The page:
Aviation starts to feel lift
PROJECTIONS put forward by aircraft manufacturer Boeing paint an optimistic picture for the heavily COVID-impacted airline sector, predicting a stronger demand over the next 10 years than was forecast pre-pandemic.
Boeing’s latest Commercial Market Outlook suggests the aerospace products sector will be worth US$9 trillion over the next decade, up from the US$8.7 trillion it predicted before COVID struck, and the $8.5 trillion flagged only a year ago.
The faster-than-anticipated recovery is being fuelled predominantly by an uptick in demand for domestic air travel, the report noted, with intra-regional markets expected to follow as health and travel restrictions ease.
These rebound factors are tipped to precede a long-haul travel return to pre-pandemic levels by 2023 or 2024.
“As our industry recovers and continues to adapt to meet new global needs, we remain confident in long-term growth for aerospace,” Boeing Chief Strategy Officer Marc Allen said.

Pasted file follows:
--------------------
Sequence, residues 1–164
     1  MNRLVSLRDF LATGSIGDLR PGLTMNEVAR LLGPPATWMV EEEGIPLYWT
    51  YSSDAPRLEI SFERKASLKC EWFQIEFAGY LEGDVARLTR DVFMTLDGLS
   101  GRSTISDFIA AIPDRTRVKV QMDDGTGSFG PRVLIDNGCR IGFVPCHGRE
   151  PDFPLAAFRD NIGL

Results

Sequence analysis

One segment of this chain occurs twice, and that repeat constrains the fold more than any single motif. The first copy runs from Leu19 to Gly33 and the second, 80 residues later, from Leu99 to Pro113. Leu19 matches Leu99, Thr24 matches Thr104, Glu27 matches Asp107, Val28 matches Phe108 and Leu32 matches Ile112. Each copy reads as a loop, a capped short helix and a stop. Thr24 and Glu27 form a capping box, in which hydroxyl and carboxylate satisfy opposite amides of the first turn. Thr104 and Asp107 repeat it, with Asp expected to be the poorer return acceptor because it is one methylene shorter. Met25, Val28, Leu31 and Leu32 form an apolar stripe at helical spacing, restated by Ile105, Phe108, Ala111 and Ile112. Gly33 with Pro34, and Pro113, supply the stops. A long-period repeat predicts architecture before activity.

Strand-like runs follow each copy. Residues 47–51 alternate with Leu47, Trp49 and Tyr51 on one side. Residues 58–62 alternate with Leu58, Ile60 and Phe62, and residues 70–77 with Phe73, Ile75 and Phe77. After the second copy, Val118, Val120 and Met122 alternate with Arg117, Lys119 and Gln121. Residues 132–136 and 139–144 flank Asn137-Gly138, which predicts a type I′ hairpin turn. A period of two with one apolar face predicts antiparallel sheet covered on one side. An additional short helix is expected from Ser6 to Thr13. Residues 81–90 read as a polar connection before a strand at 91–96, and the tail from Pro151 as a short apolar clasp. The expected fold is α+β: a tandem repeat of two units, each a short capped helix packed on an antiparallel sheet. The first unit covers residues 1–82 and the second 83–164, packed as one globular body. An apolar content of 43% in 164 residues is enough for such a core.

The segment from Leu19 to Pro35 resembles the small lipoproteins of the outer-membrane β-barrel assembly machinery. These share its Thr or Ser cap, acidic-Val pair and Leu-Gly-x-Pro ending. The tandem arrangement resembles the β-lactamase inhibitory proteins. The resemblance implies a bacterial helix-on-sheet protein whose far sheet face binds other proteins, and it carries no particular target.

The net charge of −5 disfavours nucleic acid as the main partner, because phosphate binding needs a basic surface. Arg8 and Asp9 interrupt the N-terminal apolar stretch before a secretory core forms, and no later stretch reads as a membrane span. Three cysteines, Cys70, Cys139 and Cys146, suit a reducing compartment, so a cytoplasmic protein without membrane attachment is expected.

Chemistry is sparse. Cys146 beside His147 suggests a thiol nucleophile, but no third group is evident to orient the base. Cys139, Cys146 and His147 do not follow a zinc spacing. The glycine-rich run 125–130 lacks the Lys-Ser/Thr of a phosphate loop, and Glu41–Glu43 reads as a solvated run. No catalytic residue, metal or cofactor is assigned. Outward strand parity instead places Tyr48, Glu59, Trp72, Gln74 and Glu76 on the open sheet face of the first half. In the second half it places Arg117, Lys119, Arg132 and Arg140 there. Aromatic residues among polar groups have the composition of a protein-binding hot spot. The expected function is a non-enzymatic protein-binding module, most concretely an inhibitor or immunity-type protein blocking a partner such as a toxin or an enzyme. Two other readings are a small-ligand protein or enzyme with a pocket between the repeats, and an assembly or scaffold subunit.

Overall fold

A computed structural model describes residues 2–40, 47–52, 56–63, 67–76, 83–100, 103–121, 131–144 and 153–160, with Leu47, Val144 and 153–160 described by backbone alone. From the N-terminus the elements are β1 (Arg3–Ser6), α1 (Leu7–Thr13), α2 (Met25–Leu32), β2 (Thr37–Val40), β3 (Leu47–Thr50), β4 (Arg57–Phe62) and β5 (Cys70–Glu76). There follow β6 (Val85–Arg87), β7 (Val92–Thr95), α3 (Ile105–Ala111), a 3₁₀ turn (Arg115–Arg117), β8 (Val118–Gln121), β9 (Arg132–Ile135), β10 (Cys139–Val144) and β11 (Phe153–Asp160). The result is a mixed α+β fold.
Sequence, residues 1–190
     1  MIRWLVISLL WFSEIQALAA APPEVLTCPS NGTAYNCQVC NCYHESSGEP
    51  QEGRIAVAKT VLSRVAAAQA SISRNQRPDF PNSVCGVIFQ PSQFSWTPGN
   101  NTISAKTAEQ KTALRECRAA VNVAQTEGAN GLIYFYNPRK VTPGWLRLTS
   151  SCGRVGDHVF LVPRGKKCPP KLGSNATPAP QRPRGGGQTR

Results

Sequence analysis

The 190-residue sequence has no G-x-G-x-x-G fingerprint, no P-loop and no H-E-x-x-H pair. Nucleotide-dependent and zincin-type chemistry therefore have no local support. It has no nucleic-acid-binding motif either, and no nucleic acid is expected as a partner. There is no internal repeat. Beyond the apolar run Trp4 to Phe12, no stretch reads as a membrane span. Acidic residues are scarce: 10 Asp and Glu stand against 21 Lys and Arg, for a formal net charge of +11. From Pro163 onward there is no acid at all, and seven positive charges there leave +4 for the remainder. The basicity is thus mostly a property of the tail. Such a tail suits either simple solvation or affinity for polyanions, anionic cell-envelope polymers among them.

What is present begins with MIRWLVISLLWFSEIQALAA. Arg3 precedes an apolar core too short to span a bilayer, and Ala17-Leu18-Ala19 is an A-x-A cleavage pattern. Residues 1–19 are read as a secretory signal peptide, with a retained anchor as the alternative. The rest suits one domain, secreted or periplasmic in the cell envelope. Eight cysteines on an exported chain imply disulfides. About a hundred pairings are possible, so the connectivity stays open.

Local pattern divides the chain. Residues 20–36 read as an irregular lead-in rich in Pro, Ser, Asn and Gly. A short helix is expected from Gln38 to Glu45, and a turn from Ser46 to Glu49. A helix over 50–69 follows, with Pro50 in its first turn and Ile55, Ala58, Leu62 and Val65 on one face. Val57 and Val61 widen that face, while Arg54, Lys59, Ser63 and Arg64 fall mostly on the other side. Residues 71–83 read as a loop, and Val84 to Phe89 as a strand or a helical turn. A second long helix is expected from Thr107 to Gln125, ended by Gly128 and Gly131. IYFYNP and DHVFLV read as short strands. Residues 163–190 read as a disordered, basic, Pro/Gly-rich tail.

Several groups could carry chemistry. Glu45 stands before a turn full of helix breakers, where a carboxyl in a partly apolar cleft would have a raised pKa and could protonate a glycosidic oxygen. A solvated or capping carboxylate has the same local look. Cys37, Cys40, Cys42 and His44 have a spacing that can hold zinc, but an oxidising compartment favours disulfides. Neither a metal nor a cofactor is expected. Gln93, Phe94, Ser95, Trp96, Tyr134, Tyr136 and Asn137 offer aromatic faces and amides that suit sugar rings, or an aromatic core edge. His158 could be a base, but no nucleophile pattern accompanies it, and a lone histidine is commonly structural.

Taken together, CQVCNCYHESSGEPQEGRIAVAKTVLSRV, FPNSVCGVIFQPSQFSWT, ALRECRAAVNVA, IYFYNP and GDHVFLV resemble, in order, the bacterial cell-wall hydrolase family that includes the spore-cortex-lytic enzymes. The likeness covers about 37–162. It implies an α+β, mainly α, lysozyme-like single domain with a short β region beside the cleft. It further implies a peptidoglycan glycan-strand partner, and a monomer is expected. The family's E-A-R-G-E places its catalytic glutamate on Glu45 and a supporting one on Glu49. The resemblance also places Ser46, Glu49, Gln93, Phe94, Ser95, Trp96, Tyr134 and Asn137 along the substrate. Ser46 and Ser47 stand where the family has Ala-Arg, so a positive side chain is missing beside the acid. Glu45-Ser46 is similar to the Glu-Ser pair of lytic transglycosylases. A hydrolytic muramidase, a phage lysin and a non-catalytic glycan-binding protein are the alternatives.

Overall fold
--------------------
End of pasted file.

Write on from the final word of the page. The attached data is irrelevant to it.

“We are encouraged by the fact that scientists have delivered vaccines more rapidly than imaginable and that passengers are demonstrating strong confidence in airplane travel.”
Boeing’s revised forecast also notes that the availability and distribution of COVID-19 vaccines will be “critical factors” in the near-term recovery of passenger air travel, while global aircraft orders are expected to pass 49,000 by 2040, with China, Europe, North America and the Asia-Pacific countries each accounting for about 20% of new plane deliveries.